Famous collector accused the Hermitage of exhibiting fakes
Famous collector accused the Hermitage of exhibiting fakes
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Famous collector accused the Hermitage of exhibiting fakes

The largest museum in Russia was accused of using fake exhibits. After the exhibition "Faberge - Jeweler of the Imperial Court", an open letter with claims was received in the name of Mikhail Piotrovsky, the director of the museum. It was published on the website of the famous collector Andrey Ruzhnikov.

Ruzhnikov's address says that it is regrettable to see how "vulgar remakes" coexist next to the beautiful exhibits from the collections of Pavlovsk, the Hermitage and Peterhof. According to Ruzhnikov, the figurine of a soldier who lights a cigarette is not a very successful replica of Savitsky's sculpture from the Museum. Fersman. And the exhibited copy of the chicken egg (the original presented by Emperor Nicholas II to his wife in 1904 is kept in the Faberge Museum on the Fontanka) and the Alexander Nevsky egg in red enamel are good only for a souvenir shop, but not for the exposition of the country's main museum. According to the collector, the items named by him were made not even in the XX, but in the XXI century.

Ruzhnikov stressed that the list of forgeries displayed in the Hermitage is not limited to this.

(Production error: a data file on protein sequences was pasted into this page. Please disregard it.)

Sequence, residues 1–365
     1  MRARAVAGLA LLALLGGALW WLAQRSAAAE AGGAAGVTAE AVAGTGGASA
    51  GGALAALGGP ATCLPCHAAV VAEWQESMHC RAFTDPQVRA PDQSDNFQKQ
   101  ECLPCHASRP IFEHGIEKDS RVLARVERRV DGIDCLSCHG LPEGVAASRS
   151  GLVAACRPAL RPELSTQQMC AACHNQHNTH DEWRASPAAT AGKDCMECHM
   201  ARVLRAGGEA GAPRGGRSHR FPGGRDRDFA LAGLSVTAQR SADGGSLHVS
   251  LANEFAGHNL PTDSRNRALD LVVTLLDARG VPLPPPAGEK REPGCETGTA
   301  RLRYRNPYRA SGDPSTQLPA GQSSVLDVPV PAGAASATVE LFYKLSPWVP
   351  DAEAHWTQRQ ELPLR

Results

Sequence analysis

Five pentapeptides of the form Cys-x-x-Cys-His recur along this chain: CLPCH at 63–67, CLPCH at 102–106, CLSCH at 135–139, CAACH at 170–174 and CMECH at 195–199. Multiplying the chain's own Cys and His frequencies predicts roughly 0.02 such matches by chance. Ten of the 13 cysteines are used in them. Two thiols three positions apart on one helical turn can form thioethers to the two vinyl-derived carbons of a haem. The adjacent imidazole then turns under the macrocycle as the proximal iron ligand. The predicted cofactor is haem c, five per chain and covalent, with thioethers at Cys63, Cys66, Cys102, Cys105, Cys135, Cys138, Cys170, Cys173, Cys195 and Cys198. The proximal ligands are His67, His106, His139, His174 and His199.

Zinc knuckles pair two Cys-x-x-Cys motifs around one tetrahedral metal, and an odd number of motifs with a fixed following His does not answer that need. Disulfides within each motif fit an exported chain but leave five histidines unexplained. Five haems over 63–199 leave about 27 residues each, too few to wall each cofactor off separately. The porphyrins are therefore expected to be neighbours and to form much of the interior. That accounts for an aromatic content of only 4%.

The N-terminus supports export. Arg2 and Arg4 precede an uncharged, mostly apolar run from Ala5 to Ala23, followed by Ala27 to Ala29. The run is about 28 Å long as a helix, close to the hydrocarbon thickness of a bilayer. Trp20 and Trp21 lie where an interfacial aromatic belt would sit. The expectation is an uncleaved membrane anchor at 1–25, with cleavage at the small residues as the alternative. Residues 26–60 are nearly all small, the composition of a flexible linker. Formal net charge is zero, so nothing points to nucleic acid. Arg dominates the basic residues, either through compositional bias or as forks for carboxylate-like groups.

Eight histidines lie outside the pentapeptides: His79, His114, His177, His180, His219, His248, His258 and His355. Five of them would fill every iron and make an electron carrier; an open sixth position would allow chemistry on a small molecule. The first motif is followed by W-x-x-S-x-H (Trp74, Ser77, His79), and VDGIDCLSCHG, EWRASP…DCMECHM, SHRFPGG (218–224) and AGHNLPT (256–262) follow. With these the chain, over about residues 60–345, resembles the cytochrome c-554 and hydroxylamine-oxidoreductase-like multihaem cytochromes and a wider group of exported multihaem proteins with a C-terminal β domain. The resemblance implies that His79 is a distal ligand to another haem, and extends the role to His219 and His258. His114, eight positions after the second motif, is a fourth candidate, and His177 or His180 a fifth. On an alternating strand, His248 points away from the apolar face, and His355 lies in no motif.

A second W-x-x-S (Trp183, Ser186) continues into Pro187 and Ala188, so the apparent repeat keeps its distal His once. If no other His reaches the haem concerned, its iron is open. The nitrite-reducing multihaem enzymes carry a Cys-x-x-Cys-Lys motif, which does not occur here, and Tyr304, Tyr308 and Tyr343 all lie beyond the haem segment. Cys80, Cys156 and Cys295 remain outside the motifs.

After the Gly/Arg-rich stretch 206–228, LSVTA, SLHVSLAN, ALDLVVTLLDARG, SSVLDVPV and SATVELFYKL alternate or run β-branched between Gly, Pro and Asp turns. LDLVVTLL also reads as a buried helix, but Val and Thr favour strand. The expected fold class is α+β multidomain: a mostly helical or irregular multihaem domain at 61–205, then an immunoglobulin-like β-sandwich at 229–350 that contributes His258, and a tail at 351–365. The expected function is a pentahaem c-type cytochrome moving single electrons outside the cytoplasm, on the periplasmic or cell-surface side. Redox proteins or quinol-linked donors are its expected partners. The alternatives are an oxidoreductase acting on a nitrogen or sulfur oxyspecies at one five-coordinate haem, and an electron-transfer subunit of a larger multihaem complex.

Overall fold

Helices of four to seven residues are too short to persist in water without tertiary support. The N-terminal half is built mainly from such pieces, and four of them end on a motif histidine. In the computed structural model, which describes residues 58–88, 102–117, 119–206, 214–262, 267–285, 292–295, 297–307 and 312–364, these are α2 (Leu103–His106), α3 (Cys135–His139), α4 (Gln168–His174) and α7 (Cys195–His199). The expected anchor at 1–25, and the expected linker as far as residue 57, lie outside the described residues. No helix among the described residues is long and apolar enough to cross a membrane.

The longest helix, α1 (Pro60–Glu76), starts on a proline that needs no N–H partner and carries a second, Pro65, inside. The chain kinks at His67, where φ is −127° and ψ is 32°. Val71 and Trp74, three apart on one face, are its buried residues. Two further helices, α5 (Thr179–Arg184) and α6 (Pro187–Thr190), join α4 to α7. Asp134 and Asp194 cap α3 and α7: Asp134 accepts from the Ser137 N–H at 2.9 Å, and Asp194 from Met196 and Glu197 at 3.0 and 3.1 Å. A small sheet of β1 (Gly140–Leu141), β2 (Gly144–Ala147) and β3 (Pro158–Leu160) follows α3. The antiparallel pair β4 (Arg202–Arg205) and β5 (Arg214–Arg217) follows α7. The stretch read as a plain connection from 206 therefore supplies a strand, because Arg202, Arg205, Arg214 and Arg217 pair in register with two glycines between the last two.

In an open letter, the collector asked how all these fakes got into the museum, and who is responsible for this: the curators, curators or leaders of the Hermitage. Ruzhnikov stressed that he wants to hope that corruption has nothing to do with this situation.

It is worth clarifying that a copy is a replica of a work of art made by another author. As a rule, such works are created for educational purposes. In particular, there are many copies in the Pushkin Museum to this day, because it was originally created as a museum of copies at Moscow University. It was then that he turned into a huge museum with a huge number of original works. And the most famous of Pushkin's copies "David" is a replica of Michelangelo's sculpture. As a rule, you can find out whether the presented exhibit is a copy or an original from the label, which is placed next to each work.

But if the copy was created on purpose to be passed off as the original, this is already a fake. Many modern forgers make their own work in the style of the old master, and then try to artificially compose the work. Recently, re-facets have often appeared - when a picture of a little-known author from the past is remade in an antique manner, overwriting the unnecessary, and then they put a fake cliché. According to experts, the modern art world is simply flooded with fakes today.

Several years ago, a scandal erupted in Russia due to the fact that the paintings that Prince Nikita Lobanov-Rostovsky presented to the museum turned out to be fakes. Then they carried out an examination of the entire avant-garde collected in the collection of the Rostov Kremlin. It turned out that the paintings "Samovar" by Kazimir Malevich and "Non-Objective Composition" by Lyubov Popova, kept in this museum since 1922, are copies. It was possible to find out that the substitution was carried out in the early 1970s, and now the original of Malevich's painting is kept in the New York MoMA, and Popova's painting is in the Museum of Modern Art in Thessaloniki (Greece). Fraudsters made three fakes, but they did not manage to replace one painting - "Green Stripe" by Olga Rozanova. It is kept in the Rostov Kremlin even today.

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